cremains


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  • noun

Words related to cremains

the remains of a dead body after cremation

References in periodicals archive ?
Take Wing Air uses a specially modified twin engine plane that allows a loved one's ashes to be released through the bottom of the aircraft in a safe and dignified manner; the cremains will always drift down and away from the plane.
The remains of about 1,500 of those patients have since been claimed by family members, but two stories above the museum, the cremains of about 3,600 patients remain, the copper cans enclosed in black cases neatly lined on shelves in a room in the hospital's administrative offices.
By opting out of whole-body donation, the family also opts out of a low-cost option for disposition since the medical school pays the cost of cremating the donated body, with the family being responsible for the cost of transporting the body to the donation facility and sometimes a nominal fee for the cremains.
A plot at Foxfield Preserve is 10 by 20 feet and is suitable for interring one casket, one casket and one cremains, or two cremains.
Nickson donated his body to the University of Nevada School of Medicine and the cremains will be interred at Lone Mountain Cemetery in Carson City, Nevada.
Although most individuals will still have a funeral service and burial in only one place, individuals may choose to transport the body or cremains to another state.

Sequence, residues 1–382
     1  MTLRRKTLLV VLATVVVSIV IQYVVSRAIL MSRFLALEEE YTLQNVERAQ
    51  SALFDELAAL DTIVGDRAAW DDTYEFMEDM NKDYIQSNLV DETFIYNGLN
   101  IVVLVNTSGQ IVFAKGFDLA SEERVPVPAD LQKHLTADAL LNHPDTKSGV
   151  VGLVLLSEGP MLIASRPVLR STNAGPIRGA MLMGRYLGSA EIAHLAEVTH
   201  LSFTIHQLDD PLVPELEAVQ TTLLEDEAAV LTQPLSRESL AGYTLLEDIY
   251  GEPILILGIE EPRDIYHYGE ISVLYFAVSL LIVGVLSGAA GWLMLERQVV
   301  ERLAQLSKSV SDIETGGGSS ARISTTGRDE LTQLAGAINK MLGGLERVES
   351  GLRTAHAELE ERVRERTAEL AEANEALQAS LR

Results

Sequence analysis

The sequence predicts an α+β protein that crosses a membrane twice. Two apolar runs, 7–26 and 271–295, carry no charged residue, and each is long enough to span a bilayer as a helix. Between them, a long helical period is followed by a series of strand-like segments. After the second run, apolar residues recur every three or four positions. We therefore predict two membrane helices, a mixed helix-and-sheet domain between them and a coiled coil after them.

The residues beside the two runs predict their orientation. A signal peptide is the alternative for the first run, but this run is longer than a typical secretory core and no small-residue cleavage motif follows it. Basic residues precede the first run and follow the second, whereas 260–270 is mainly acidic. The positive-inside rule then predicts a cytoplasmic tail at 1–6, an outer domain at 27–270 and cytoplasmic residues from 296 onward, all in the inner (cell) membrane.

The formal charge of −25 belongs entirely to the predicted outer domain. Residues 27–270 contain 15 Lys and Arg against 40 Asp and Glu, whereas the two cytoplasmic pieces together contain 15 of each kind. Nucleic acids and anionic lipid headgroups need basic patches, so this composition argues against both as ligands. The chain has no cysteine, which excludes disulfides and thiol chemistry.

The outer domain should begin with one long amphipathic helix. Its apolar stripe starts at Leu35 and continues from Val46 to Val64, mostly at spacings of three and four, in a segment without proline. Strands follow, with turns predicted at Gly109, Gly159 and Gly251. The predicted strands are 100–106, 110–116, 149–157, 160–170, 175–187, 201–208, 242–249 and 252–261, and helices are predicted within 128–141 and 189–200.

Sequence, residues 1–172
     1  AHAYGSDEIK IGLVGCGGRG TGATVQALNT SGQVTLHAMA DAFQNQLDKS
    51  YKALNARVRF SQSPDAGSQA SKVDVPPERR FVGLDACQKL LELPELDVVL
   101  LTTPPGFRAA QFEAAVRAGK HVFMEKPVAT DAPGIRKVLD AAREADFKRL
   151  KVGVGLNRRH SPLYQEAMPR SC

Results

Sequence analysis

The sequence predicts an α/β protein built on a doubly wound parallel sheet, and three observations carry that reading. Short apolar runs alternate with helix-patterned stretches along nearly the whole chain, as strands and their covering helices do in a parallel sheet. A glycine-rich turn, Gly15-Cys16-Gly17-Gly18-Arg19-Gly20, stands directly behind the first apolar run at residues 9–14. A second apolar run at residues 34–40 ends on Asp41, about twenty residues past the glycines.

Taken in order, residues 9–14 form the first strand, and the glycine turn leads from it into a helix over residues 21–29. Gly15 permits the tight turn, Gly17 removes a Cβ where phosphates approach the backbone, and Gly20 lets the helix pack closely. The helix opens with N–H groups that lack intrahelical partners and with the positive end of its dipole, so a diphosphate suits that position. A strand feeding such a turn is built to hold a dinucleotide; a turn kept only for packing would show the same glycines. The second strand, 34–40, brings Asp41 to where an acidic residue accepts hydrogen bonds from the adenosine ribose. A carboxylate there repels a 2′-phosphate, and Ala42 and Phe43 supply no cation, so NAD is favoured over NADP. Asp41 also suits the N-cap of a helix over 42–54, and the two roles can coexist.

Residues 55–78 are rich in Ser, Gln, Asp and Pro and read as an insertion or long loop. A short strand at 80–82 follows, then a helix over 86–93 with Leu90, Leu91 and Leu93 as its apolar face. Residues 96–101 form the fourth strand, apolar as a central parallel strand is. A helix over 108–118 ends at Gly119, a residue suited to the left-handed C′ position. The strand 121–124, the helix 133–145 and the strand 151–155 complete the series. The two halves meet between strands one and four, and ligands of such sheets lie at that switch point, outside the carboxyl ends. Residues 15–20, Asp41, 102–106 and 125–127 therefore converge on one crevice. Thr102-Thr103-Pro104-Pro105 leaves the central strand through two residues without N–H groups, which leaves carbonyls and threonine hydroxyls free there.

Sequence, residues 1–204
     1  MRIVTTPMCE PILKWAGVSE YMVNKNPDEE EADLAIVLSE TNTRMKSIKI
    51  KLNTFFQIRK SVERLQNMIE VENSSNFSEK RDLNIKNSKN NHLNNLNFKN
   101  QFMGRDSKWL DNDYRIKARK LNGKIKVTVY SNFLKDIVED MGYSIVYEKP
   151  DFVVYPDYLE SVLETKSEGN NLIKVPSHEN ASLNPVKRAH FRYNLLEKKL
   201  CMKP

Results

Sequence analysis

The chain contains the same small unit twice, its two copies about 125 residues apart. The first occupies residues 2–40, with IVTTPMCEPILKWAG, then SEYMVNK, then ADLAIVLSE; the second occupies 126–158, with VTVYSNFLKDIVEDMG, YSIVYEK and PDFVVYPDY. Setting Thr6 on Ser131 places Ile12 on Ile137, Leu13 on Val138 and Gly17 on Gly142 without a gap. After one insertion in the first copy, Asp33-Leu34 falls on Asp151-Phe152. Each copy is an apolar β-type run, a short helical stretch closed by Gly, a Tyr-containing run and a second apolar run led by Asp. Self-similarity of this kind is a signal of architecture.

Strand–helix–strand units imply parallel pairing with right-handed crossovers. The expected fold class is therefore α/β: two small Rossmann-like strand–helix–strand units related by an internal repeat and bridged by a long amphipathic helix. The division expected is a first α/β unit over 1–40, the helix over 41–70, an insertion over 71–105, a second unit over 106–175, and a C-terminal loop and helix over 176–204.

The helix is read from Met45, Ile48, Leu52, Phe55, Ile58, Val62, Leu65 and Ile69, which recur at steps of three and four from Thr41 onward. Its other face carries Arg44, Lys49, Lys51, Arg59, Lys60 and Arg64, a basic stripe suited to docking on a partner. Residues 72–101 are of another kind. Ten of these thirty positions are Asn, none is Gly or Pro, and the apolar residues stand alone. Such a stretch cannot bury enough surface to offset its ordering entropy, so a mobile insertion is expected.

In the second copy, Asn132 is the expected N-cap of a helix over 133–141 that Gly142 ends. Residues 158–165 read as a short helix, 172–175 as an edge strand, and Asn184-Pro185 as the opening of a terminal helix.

Cremains, by contrast, "may be transported in this state in any manner, without any permit therefor, and may be disposed of in any manner desired, or directed by the decedent.
Bascombe and Sally journey to the Midwest to deposit her first husband's cremains with his parents, and then on to the Mayo Clinic for Frank's post-prostate-procedure checkup.
Sacred Stage: James Bilagody & the Cremains Catogory.
Members of USS Ronald Reagan's (CVN 76) honor guard salute the cremains of 12 veterans during a burial at sea in the Pacific Ocean.
The 25-person company has created two new spinoff divisions, Petra Natural Stone Keepsake Urns for the pet market, and Soul Stones for cremated human remains, better known in the industry vernacular as cremains.
There used to be more than 1,600,'' cremains in a year, said Craig Harvey, spokesman for the Department of Coroners.
Six Feet Under has been praised as an unabashed portrait of the "death industry," covering the rituals of embalming and the benefits of cremains.
She was crossing the country with her mother's cremains in an urn.